Diversity in the outdoors has thrived for centuries in many cultures. From Native Americans to Africans, Mayans, and Patagonians, these cultures were creating urban gardens way before it was ?green?, acting as watchful stewards of this land ages before we set foot upon its rocky shore. Giving these faces a place in outdoor marketing and advertising has the ability to provide important representation of an ever-widening cultural world landscape.
In an industry dominated by white males, we should strive to work together to change the dialogue. With our collective words and actions, imagery and intentions we can break down stereotypes, inform the public and create a culture where the outdoors aren?t feared, but revered as a place to reinforce, inspire and motivate the future owners of these lands.
Latino Outdoors founder, Jose Gonzalez sums it up best, “Every culture can unite in the human desire to connect to our Earth. I look at it as a tree. We all have our roots. They twist and bend, they run deep and lead off in many directions, but the trunk of Mother Nature binds us all and allows us, the leaves to soak up its glory.” We couldn’t agree more.
Get Connected and Get Outside
The National Fish and Wildlife Foundation (NFWF) in cooperation with its federal partners, the Bureau of Land Management (BLM), Bureau of Reclamation (Reclamation), Forest Service (USFS), and U.S. Fish and Wildlife Service (FWS) launched an initiative to achieve both conservation work and environmental career development and learning goals through hands-on implementation of habitat restoration, assessment, monitoring, and other conservation-related projects, particularly urban and minority youth.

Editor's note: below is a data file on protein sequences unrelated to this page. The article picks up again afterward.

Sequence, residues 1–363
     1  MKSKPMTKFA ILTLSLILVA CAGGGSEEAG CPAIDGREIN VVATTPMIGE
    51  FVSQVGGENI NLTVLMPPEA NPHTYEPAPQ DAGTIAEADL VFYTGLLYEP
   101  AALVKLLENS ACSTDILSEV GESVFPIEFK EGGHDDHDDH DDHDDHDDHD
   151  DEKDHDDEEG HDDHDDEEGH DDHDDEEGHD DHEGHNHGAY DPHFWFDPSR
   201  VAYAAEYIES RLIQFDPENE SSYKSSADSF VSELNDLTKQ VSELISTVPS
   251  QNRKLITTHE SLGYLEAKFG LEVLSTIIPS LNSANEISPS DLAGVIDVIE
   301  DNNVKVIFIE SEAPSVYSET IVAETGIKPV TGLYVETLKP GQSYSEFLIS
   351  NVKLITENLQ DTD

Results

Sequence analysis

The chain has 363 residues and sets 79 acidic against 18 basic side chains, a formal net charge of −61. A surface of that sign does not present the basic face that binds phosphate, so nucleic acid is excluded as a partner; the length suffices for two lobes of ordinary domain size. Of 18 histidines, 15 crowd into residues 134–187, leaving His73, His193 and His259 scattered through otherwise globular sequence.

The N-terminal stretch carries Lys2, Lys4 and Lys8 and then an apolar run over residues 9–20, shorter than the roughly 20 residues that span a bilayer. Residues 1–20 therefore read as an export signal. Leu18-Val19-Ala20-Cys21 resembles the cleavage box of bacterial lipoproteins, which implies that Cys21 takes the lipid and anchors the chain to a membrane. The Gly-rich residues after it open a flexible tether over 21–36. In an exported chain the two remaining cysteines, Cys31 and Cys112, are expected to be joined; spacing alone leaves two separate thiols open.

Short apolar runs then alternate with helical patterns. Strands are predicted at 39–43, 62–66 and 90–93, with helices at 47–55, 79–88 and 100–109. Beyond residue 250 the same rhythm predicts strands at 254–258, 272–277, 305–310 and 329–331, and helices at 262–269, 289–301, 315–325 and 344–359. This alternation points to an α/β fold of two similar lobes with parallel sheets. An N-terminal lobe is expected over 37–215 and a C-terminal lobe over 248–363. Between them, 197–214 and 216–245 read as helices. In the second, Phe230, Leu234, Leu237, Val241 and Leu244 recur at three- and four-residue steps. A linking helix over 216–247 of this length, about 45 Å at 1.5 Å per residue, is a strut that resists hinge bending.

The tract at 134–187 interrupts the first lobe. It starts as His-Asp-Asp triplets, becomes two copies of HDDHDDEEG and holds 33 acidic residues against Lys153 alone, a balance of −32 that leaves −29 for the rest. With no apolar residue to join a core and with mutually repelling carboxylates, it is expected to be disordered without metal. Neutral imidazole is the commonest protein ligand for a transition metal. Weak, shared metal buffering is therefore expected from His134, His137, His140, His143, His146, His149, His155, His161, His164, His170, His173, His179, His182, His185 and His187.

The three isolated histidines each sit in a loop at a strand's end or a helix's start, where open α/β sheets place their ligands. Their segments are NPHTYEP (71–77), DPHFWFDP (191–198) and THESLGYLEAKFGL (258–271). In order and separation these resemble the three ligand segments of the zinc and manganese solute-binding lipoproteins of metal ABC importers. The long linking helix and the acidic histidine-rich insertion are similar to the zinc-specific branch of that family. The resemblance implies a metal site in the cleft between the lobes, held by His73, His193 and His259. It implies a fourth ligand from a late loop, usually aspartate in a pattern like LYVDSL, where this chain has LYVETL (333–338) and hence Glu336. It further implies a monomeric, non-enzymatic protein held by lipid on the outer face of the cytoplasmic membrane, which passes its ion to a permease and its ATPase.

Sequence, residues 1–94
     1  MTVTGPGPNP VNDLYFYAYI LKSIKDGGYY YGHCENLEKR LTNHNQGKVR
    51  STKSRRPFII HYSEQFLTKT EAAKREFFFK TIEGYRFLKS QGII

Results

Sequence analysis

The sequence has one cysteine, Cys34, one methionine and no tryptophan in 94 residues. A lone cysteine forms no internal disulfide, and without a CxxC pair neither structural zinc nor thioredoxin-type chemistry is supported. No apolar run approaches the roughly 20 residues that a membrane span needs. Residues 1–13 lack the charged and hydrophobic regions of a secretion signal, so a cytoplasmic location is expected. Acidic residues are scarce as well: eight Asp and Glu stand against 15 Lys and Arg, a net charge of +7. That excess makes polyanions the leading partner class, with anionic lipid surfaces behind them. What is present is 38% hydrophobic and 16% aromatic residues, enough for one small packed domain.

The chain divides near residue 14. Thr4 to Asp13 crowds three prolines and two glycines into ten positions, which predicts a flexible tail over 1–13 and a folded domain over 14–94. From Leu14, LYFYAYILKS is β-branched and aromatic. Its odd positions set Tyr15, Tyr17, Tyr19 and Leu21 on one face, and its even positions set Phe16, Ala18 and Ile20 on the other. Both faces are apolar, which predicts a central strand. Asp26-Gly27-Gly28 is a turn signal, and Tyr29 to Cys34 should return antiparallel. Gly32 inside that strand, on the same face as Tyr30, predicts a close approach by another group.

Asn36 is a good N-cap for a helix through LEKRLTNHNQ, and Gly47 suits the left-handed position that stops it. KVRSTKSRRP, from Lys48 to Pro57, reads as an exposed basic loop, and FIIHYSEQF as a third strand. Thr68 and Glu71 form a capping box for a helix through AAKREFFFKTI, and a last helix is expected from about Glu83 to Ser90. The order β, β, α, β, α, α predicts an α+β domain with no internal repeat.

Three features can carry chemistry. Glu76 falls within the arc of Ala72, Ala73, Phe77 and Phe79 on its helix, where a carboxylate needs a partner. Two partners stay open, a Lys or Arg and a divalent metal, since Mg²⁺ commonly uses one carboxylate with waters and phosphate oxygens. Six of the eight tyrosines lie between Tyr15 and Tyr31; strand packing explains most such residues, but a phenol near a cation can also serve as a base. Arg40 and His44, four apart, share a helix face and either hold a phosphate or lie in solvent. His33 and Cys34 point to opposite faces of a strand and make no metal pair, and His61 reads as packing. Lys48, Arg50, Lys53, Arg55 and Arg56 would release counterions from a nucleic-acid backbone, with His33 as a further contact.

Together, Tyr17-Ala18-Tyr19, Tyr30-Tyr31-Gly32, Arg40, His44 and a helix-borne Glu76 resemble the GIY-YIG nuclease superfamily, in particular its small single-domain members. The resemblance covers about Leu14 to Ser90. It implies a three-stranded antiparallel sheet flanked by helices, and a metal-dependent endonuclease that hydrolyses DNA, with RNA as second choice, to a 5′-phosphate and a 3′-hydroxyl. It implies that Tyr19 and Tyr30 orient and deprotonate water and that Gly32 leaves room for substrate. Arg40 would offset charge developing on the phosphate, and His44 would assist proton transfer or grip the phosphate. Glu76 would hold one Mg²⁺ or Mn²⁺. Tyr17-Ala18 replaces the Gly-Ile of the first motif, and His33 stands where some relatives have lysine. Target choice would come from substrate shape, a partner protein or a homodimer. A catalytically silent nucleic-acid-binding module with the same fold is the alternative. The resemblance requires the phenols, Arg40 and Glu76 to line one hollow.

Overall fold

American Latino Expedition
Established in 2011 by Secretary of the Interior, Ken Salazar, the mission of the American Latino Heritage Fund (ALHF) is to assist the National Park Service and communities across the country to ensure that our national parks and historic sites preserve, reflect and engage the diverse stories and communities of American Latinos throughout American History and for future generations.
Outdoor Afro has become the nation?s cutting edge network that celebrates and inspires African American connections and leadership in nature. Today with now 30 leaders from around the United States the organization connect thousands of people to outdoor experiences, who are changing the face of conservation.
With roots in the past, a presence in the present and vision for the future, Latino Outdoors is a network of leaders committed to engaging Latinos/as in the outdoors, connecting familias and youth with nature, and empowering our community of storytellers to explore and share their personal experiences. Our growing online platform allows participants to creatively document their cultural connections to conservation, the environment, and the Great American Outdoors with the world.
Jennifer Fontaine is the founder of Outdoor Families Magazine, publisher of MommyHiker.com, a blog to encourage outdoor activities with children, and an activist filmmaker inspiring dynamic change in the world. She lives in Southern California with her family.?